Heffernan et al. (2010) propose self- compassion as a technique to combat compassionate fatigue and to enhance the delivery of compassionate care. Kelly and Tyson, (2017) define self-compassion as the ability to respond to oneself with kindness and empathy in times of failure or distress. Todaro-Franceschi, (2013) argues that, unless a healthcare practitioner has compassion for oneself, they are unable to provide compassionate care to others. Besides, Chambers and Ryder (2019) emphasise that self-compassion contributes to lower burnout levels and improved productivity with stress management, thus, enhancing the delivery of compassionate care. For a nurse practitioner to develop and demonstrate genuine compassionate care to others, he or she must be first have a foundation upon which to cultivate compassion. The basis for cultivating compassion is by the individual`s ability to care for one`s own welfare as well as connecting to one`s own feelings. Generally, for a nurse practitioner to demonstrate care for others, he or she must first care for himself or herself. According to Richards (2013), self-compassionate among nurses is fundamental and benefits both patients and nurses. Apparently, many point out that for nurses, any emphasis on self-compassionate per se is a contradictory move for the compassionate care of others. Precisely, their argument is that for nurses developing genuine self-compassionate is more or less of fostering a culture of being egocentric throughout the nursing profession. Actually, some have labelled the practice of self-compassionate as ‘responsible selfishness’ but this aims at only extending the existing stigma of self-compassionate among nurses as selfish.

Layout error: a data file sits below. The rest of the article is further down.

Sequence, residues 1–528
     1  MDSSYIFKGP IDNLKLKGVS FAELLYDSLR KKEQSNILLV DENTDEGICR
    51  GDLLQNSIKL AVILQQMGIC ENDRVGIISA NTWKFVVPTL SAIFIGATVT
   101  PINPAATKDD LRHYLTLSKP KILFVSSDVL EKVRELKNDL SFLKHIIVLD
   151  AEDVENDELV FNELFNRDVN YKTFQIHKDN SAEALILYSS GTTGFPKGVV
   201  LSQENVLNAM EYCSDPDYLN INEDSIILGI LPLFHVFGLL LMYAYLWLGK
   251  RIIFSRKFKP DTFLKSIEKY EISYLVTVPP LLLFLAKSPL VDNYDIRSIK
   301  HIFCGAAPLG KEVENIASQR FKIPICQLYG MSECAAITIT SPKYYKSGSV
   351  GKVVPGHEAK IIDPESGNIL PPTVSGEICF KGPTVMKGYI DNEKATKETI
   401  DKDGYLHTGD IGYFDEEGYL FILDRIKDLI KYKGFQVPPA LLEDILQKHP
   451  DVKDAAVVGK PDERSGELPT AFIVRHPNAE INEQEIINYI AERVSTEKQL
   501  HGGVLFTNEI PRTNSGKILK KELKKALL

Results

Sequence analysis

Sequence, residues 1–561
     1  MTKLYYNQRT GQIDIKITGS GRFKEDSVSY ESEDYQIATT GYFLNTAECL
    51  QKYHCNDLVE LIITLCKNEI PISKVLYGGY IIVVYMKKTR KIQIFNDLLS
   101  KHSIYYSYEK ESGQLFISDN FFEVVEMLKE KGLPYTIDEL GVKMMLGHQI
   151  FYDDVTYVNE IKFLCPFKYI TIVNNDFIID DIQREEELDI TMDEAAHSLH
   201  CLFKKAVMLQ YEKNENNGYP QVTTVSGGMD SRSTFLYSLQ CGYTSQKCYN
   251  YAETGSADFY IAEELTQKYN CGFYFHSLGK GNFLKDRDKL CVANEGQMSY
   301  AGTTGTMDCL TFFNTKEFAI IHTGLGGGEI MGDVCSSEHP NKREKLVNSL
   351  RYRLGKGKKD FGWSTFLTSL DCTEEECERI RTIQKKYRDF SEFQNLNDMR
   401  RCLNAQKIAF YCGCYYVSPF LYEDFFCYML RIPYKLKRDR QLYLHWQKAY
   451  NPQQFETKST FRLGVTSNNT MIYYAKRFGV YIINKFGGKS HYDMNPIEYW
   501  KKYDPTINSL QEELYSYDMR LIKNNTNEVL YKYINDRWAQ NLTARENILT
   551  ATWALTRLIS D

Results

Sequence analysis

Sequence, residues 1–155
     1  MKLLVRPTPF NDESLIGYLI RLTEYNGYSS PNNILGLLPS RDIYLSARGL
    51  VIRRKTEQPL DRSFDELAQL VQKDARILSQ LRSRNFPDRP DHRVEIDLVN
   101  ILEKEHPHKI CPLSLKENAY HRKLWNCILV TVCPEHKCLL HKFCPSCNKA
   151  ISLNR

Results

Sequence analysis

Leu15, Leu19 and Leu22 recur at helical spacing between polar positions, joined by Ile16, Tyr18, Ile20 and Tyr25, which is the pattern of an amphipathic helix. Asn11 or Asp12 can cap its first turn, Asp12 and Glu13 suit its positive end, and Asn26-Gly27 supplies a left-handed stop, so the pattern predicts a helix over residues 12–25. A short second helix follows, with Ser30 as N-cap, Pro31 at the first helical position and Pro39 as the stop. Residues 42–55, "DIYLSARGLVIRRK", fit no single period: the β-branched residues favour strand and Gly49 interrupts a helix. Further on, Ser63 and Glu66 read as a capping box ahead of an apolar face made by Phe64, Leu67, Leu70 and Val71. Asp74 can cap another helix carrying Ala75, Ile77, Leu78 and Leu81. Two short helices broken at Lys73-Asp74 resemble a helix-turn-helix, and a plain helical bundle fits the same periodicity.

Measuring compassionate care

There are tools designed to measure compassion, such as Compassionate Care Assessment Tool. However, there lacks a universal tool that can be consistently used across the NHS (Papadopoulos and Ali, 2016). Fogarty compassion scale have been widely used to establish the levels of compassion that is demonstrated to patients by nurses in the health care setting. With this assessment tool, a given number of patients are selected and requested to rate one nurse each (maybe one whom the patient have been attended by), specifically on the acts of compassion that was demonstrated to the patient by the respective nurse (Kret, 2011). For example, 50 patients are selected and asked to rate the acts of compassion of 50 nurses, one for each patient. Burnell and Agan (2013) created the Burnell Compassionate Care Tool with the aim of evaluating the elements of compassionate nursing care in acute health care settings. The tool combined the elements of compassion and caring in order to assess the nursing actions and behaviors that are perceived to be compassionate. Burnell and Agan (2013) aimed at observing, identifying and measuring the association between the spiritual and compassion needs of the patients and the caring behavior of nurses. Precisely, this compassionate care assessment tool was derived from the aspects of the Caring Benhaviors Inventory (CBI) and the Spiritual Needs Survey.